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How do I prevent SQL Management Studio (10.50.2500.0) from adding this to the beginning of every stored procedure when I right-click/Modify?


Neither of these settings are useful to me. ANSI_NULLS ON and QUOTED_IDENTIFIER ON is set on all my servers, DBs and connections I make. Besides that, I never use double quotes (I used brackets for reserved words) and all my nullable fields I properly use IS NULL when needed.

I delete the settings every time I edit a procedure. All my procedures properly have them set and that will never change in my environment. Verified by:

SELECT uses_ansi_nulls, uses_quoted_identifier
FROM sys.sql_modules
WHERE object_id = object_id( 'proc_name' )
share|improve this question
I can't find a means to do so (You'd expect them to appear in Tools -> Options -> SQL Server Object Explorer -> Scripting), but you probably don't want to remove them anyway (What problem are they causing you?) – Damien_The_Unbeliever Dec 9 '11 at 8:11
Yeah, it seems like that should be the place. It's annoying. The only problem they cause me is that they are unnecessary and waste space. I updated the question to explain further. – ThinkingStiff Dec 9 '11 at 19:00
up vote 7 down vote accepted

Not sure whether this counts as an answer or an unhelpful non-answer, but as Damien_The_Unbeliever suggested you absolutely don't want SSMS to stop scripting these lines. Because they are in the sql_modules table they form an integral part of the definition of the stored procedure, along with the SQL code itself. So they can't be "turned off" any more than your SQL code could.

If you create/alter a stored procedure from a connection that has a different ANSI_NULLS option value to that used when the stored procedure was created/defined, then you change the behaviour of that stored procedure, permanently!

It is for this reason that SSMS (and any half-decent SQL object scripting tool) will always output these lines - because if you remove them or change them, you are changing the definition of the stored procedure (removing them, particularly, is bad because it means that the behaviour of the stored procedure, depending on what connection it is published from, can vary).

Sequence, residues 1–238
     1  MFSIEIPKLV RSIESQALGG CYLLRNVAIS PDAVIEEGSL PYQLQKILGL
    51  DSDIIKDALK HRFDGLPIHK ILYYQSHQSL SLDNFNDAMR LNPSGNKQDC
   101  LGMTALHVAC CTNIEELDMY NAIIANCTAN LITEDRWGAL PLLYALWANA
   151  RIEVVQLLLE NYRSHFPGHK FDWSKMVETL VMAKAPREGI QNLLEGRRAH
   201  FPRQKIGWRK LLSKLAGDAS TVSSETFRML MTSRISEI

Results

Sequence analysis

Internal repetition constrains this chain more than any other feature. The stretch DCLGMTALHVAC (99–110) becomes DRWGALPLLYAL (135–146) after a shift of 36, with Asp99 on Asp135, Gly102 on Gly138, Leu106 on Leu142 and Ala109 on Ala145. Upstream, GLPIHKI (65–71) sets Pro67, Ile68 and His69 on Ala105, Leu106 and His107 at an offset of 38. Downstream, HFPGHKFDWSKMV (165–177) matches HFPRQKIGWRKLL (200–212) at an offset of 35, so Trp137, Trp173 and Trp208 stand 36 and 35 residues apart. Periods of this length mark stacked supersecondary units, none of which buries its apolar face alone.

Doing a quick google search for "ANSI_NULLS QUOTED_IDENTIFIER stored procedure", the top result is the following article that seems to explain the options, and their impact, very clearly:

share|improve this answer
If someone didn't understand what they were doing, maybe these would be useful settings. And by removing them I'm only changing the definition of the stored procedure if my default is different than the proc. If someone knows the consequences of their actions, they should be able to remove those. The future defaults of these won't even be able to be changed. I updated my question to better explain this. +1 for a good overview. – ThinkingStiff Dec 9 '11 at 19:10
@ThinkingStiff - the difference is, the settings always scripted are captured when the stored procedure is created - they are, in a very real way, part of the definition of the procedure, whereas any other settings are evaluated at runtime, when the procedure is executed. – Damien_The_Unbeliever Dec 9 '11 at 19:15
Yeah, I edited my comment realizing those weren't good examples. – ThinkingStiff Dec 9 '11 at 19:17
The more I think about it, your comment "part of the definition of the procedure" makes a lot of sense. Since it's in the definition table of the procedure itself, it's as important as the sql code itself. I totally disagree that either of these settings are super duper important, that I'd never want SSMS to stop scripting these, or that they should even be in that table since in the near future they will always be ON. But them being inserted because they are part of the code makes sense and explains why they can't be "turned off". – ThinkingStiff Dec 9 '11 at 19:33
Only an opinion, but I think this is very annoying. We should be allowed to make the choice. It's like SELECT * always being expanded to a column list. I understand the reason behind it, but I'd like to be able to choose not to have it happen. – Ben McIntyre Feb 13 '14 at 2:59

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